Southam

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Southam is a small market town in the Stratford-on-Avon district of Warwickshire, England. The 2001 census recorded a population of 6,509 in the town.

The nearest sizeable town to Southam is Leamington Spa, located roughly 7 miles (11 km) to the west. The towns of Rugby and Daventry are also within 10 miles (16 km) of Southam, with Banbury 14 miles (22.5 km) to the south and the major city of Coventry some 13 miles (21 km) to the north.

Southam is located on the River Stowe (known by many of the locals as “the Brook”), which flows from Napton-on-the-Hill and joins Warwickshire’s River Itchen just outside of the town, which in turn flows into the River Leam.

Southam can trace its history back to Anglo-Saxon times; a charter exists from 998 granted by King Ethelred the Unready. Southam was mentioned in the Domesday Book as “Sucham“. A market was established in 1227.

In the 1540s the town was visited by John Leland, who described it as ‘a modest market town of a single street’. Southam is also mentioned in Henry VI, part 3 by William Shakespeare in Act V, Scene I (Lines 10–16).

WARWICK
Say, Somerville, what says my loving son?
And, by thy guess, how nigh is Clarence now?

SOMERSET
At Southam I did leave him with his forces,
And do expect him here some two hours hence.

WARWICK
Then Clarence is at hand, I hear his drum.

SOMERSET
It is not his, my lord; here Southam lies:
The drum your honour hears marcheth from Warwick.

King Charles I passed through Southam just prior to the outbreak of the Civil War, and apparently was not made welcome by the townsfolk, who refused to ring the church bells.

On 23 August 1642, a skirmish took place outside of the town between Parliamentary forces led by Lord Brooke and Royalist forces commanded by the Earl of Northampton. Later in 1642, Charles stayed in Southam before the Battle of Edgehill,[6] and in 1645, Oliver Cromwell stayed in the town along with 7,000 Roundhead troops.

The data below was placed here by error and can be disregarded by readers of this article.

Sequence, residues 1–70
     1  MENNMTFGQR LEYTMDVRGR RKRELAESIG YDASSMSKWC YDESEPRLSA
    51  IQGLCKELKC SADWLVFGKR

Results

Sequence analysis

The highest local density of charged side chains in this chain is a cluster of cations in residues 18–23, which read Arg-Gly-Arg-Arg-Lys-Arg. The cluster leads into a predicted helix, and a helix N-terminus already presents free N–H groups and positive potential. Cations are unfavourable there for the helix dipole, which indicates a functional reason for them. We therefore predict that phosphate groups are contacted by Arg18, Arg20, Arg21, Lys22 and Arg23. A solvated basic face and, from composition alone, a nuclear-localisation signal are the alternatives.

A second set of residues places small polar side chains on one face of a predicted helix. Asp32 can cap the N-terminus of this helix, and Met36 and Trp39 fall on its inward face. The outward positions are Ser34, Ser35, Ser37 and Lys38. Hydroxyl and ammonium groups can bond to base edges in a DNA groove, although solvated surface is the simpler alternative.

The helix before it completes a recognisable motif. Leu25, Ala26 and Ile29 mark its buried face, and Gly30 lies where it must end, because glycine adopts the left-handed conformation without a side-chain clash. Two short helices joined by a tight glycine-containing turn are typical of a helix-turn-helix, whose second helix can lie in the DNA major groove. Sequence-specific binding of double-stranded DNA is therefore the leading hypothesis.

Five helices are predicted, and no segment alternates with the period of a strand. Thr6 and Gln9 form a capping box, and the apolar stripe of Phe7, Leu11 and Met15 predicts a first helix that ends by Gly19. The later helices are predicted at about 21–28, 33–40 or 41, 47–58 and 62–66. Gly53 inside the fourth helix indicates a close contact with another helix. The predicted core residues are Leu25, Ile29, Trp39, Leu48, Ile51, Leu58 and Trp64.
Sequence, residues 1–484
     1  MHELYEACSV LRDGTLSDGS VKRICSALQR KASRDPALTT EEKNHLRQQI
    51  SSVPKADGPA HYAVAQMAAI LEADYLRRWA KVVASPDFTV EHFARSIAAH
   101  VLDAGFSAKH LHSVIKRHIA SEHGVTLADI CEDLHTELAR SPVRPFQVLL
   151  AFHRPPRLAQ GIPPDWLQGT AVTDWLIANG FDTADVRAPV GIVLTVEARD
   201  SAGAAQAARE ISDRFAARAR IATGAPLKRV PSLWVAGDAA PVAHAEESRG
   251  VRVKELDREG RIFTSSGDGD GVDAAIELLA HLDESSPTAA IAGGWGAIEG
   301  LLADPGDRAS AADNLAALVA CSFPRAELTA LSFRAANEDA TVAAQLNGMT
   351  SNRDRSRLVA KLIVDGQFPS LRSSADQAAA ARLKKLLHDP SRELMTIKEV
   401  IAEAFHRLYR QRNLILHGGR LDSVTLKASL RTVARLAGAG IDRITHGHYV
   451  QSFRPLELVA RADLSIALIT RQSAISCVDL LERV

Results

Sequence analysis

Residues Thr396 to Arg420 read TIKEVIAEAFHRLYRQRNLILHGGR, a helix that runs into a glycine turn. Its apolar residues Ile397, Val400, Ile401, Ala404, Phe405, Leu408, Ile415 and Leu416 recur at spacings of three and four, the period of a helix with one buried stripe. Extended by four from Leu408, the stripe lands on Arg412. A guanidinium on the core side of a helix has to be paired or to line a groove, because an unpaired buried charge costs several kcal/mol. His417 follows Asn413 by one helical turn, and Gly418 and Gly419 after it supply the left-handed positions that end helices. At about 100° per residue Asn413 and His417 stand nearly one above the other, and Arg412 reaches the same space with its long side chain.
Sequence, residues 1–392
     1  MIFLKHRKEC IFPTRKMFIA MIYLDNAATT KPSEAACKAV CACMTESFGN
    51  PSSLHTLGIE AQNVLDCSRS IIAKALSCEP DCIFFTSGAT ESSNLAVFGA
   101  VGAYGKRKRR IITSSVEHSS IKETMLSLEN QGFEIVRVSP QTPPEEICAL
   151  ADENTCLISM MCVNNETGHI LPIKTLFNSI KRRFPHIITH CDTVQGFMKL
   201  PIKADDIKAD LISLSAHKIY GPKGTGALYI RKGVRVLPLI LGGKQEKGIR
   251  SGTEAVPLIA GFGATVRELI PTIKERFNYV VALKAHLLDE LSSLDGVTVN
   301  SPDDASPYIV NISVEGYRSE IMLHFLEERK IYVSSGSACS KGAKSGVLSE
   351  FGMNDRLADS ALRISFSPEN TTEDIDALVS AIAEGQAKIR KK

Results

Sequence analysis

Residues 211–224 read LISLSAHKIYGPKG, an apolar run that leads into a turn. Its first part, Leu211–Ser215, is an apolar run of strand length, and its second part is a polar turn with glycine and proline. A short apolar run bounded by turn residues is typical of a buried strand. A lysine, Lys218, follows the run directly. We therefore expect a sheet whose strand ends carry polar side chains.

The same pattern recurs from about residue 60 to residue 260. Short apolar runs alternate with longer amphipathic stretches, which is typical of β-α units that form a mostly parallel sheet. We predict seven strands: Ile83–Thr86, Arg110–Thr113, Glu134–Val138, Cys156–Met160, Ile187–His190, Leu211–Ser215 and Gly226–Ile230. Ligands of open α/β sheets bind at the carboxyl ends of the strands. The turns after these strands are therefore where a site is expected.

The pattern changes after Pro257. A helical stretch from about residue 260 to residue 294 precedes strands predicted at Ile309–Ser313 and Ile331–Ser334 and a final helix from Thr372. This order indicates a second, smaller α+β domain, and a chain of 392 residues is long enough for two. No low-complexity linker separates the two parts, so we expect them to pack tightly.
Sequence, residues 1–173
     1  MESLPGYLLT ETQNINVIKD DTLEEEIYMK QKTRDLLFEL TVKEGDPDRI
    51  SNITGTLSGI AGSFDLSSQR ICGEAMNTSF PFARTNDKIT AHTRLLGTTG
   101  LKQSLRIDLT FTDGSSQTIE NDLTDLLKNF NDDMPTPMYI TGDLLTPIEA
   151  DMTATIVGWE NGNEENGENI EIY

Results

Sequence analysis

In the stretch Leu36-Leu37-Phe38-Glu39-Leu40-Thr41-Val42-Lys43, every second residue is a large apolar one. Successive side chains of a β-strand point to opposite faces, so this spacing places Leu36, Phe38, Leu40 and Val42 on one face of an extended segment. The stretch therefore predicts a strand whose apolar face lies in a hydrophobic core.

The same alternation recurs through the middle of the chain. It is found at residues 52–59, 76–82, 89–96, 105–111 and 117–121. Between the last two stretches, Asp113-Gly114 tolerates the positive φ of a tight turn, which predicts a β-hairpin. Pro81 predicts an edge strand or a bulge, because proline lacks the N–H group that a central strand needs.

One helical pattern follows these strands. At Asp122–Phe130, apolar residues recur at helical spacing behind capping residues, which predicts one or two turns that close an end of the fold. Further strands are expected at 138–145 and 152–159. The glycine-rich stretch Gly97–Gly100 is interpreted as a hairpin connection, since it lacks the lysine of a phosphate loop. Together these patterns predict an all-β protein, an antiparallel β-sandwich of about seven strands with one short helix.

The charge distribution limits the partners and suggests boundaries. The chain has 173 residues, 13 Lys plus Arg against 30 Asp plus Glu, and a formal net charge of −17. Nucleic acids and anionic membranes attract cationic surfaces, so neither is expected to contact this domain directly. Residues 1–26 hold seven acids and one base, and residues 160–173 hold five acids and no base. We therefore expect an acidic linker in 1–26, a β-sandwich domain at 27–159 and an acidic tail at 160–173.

In the days of the stagecoach Southam became an important stopon the coaching road from Coventry to Oxford and many old coaching inns remain in the town. Few buildings in Southam date from before 1741, for in that year a large fire devastated the town.

A historical curiosity about Southam is that in mediaeval times, the town minted its own local currency. This was done because local people found ordinary coins too high in value for everyday use. The old mint house is now a pub called the Old Mint. During the Civil War King Charles used the mint to make new coins to pay his soldiers.

Southam has a Holy Well located near the bank of the River Stowe a short walk from the recreation grounds. The well is fed by a natural spring and the semi-circular wellwater pours through the mouths of carved stone faces. The water from this well was said to cure eye complaints.

Between 1894 and 1974 Southam was the administrative centre of the Southam Rural District; since then it has been in the Stratford-on-Avon District of Warwickshire. Southam was in the parliamentary constituency of Stratford-on-Avon until the boundary changes approved by Parliament in 2007 when it became part of the new constituency of Kenilworth and Southam.

The history of Southam is commemorated in Southam’s Cardall Collection.

Historic population: